Inspired by cookbook author Susie Middleton of West Tisbury, who starts her chicken breast-side down on a roasting rack before turning it over, I came up with this recipe that combines my favorite salting technique with Susie’s cooking method at a high heat. These recipes originally appeared with the article There's More Than One Way to Roast a Chicken.


Serves 4

  • 1 whole chicken, 3 1/2–4 1/2 pounds
  • 2–3 teaspoons kosher salt
  • Black pepper, to taste
  • Olive oil or butter to rub on chicken
  • Pan Gravy or Lemon-Herb Sauce (see below, optional)

1.  The night before you want to roast your chicken, arrange it, uncovered, on a rack over a shallow baking dish. Rub it all over with the salt and refrigerate (uncovered.)

2. Remove the chicken from the fridge 30 to 45 minutes before cooking. Heat the oven to 425 degrees. Rub the chicken with a little olive oil or softened butter, season with pepper,  and arrange back in the roasting rack (in the pan), breast side-down. Roast for 30 minutes.

3. Turn the chicken over and roast for an additional 25 to 30 minutes (it will have marks from the rack, but those will disappear).

4.  After 55 to 60 minutes total, insert a thermometer into the thigh (without touching a bone). When thermometer reads about 170 degrees, the meat is cooked. Remove bird from oven. If making gravy or sauce, don't transfer the chicken to a carving board without reading directions below.


Pan Gravy

This gravy uses the defatted chicken juices and any bits left in the roasting pan after roasting the chicken. Before removing the chicken from the roasting pan, tilt the chicken and let any juices inside the bird flow into the pan. If you strain the fat, it’s healthier and you don’t sacrifice any flavor, which is in the juices and the brown bits at the bottom of the pan. A fat separator is not essential, but if you like to make gravy, it is an inexpensive tool that lets you easily pour off fat and keep the chicken juices – and it’s quicker and easier than using a spoon.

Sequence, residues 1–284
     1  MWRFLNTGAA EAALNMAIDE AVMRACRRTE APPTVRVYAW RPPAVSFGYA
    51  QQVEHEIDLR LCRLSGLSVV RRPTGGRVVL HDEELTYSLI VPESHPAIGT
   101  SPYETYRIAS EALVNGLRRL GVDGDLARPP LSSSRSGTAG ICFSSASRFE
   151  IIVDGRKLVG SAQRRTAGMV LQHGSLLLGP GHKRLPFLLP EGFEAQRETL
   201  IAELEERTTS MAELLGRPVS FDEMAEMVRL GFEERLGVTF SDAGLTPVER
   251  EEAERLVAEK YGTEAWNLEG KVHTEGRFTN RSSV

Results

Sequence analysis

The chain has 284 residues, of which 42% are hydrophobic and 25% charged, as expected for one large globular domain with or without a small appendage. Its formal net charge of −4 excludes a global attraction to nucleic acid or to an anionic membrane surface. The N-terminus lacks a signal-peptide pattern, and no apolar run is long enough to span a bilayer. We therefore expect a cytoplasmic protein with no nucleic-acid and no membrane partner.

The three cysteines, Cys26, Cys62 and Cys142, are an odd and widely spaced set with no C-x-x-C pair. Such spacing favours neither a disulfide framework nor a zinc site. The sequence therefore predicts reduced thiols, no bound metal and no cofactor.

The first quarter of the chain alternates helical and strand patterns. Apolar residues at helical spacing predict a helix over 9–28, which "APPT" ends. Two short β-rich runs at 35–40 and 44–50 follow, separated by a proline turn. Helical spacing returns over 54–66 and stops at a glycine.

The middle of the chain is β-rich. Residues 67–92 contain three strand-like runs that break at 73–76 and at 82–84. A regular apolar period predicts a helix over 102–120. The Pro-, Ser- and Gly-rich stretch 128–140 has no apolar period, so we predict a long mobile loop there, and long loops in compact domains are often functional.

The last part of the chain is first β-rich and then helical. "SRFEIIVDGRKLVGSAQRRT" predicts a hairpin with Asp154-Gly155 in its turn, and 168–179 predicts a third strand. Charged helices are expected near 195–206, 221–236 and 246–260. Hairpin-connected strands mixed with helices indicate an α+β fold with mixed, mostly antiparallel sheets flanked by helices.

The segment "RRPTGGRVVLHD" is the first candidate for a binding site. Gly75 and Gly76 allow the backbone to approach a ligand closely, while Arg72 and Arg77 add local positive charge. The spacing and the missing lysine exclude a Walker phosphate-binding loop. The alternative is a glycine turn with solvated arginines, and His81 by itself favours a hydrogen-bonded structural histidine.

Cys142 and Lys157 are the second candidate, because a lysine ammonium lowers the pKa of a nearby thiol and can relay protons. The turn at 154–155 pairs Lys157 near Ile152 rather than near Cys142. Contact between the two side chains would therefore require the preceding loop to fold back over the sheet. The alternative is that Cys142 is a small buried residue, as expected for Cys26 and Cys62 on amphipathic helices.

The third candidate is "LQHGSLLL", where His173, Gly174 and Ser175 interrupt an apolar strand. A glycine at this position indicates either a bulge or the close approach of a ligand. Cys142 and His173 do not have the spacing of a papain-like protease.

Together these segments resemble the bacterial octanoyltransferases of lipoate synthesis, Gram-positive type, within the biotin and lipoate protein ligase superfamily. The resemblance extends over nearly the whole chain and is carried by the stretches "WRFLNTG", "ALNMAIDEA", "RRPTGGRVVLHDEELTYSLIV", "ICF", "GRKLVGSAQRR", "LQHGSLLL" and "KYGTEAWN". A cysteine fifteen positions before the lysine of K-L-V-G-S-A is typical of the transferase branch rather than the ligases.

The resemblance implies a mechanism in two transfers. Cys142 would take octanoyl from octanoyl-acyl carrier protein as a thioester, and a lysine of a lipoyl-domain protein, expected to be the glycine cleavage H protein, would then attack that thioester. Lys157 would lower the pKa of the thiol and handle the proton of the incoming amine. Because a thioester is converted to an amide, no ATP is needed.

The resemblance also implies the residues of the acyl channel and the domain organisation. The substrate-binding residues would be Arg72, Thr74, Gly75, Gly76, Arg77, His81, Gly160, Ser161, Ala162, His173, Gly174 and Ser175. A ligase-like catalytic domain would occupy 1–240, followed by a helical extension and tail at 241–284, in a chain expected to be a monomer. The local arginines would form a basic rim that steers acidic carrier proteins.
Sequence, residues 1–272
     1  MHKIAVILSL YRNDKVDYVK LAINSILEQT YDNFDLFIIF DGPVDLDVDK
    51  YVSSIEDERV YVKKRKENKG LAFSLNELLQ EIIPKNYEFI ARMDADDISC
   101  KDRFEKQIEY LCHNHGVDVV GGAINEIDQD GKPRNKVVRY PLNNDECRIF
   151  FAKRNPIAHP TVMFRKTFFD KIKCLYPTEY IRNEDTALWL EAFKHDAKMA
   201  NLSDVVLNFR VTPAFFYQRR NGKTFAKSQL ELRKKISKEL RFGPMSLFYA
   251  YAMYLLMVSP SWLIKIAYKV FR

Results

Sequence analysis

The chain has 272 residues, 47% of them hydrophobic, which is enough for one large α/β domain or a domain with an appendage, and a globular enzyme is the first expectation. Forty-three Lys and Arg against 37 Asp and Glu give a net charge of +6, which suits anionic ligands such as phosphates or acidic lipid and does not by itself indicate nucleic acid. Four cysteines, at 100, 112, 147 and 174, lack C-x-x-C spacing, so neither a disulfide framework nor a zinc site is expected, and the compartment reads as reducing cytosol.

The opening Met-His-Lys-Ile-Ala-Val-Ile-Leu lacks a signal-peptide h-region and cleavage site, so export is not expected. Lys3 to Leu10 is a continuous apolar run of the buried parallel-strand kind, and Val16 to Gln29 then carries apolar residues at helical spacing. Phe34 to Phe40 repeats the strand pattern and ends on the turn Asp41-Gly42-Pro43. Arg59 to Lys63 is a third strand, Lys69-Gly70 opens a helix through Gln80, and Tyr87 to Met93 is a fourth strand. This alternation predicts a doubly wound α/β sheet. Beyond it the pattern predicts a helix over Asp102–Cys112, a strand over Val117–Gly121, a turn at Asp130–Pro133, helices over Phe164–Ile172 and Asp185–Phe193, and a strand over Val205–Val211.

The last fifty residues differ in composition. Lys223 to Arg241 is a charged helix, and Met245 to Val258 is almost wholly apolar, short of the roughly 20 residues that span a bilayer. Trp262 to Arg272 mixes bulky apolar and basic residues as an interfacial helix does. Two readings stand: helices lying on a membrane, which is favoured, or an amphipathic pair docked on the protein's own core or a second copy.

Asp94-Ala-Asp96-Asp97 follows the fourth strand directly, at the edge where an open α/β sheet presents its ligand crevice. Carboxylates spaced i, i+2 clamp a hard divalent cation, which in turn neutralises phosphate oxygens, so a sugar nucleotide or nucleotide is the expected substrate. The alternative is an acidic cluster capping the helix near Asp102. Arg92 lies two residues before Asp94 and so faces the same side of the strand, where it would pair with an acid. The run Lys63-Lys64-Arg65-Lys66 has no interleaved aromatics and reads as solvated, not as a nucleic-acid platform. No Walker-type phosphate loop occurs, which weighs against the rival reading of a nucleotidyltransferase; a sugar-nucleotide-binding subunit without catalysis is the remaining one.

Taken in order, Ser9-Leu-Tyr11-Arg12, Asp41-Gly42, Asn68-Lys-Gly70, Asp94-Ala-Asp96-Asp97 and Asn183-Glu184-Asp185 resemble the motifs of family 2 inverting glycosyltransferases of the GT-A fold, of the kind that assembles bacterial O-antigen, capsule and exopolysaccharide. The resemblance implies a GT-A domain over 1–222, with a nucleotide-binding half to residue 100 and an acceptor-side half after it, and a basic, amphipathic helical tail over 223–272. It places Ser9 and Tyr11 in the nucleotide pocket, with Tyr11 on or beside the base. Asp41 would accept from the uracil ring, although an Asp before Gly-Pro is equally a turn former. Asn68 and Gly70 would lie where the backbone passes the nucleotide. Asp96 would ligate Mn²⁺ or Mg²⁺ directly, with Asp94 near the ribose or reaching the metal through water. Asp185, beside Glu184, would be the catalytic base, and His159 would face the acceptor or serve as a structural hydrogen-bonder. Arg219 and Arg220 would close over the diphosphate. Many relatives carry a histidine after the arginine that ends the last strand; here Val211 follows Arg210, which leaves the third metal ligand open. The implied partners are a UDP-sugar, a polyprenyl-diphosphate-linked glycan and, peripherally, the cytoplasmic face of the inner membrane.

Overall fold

• 2 tablespoons butter
  • 2 tablespoons flour
  • Chicken pan drippings, or defatted chicken liquid
  • 1–2 cups chicken stock
  • Salt, to taste

1. Place roasting pan on stove (if it can go on burner), add butter, and melt over medium-low heat. Add flour and whisk together. Add defatted pan juices and about 1 cup stock, whisking to incorporate flour-butter mixture and any brown bits left on the bottom of the pan.

3. Bring to a boil over high heat, whisking occasionally. When it boils and begins to thicken, add more chicken stock if needed to achieve desired consistency. Taste before adding salt, then season. Turn to medium-low heat till ready to serve, whisking occasionally.


Lemon-Herb Sauce

Tarragon and chicken go together nicely, and you can make the sauce while the chicken is resting after roasting.

Serves 4 to 6

  • 2 tablespoons butter
  • 1 1/2 teaspoons finely minced shallot
  • 1 tablespoon flour
  • Chicken pan drippings, or defatted chicken liquid
  • 1/2–1 cup chicken stock
  • 1 teaspoon minced fresh parsley leaves
  • 1 teaspoon chopped fresh tarragon leaves
  • 2 teaspoons fresh lemon juice
  • 1/4 teaspoon salt, if needed
  • 1/4 teaspoon ground black pepper


1. In a medium skillet on medium-low heat, add the butter and shallot and cook 2 to 3 minutes until shallot begins to brown. Add flour and mix in well. Whisk in any pan juices (minus the fat) and brown bits scraped from the chicken pan. Add 1/2 cup chicken stock to start, and bring the whole mixture to a boil. Depending on the amount of pan juices, add additional stock to reach desired consistency.

2. Mix in the parsley, tarragon, and lemon juice. Taste the sauce and season with salt and pepper. Serve hot.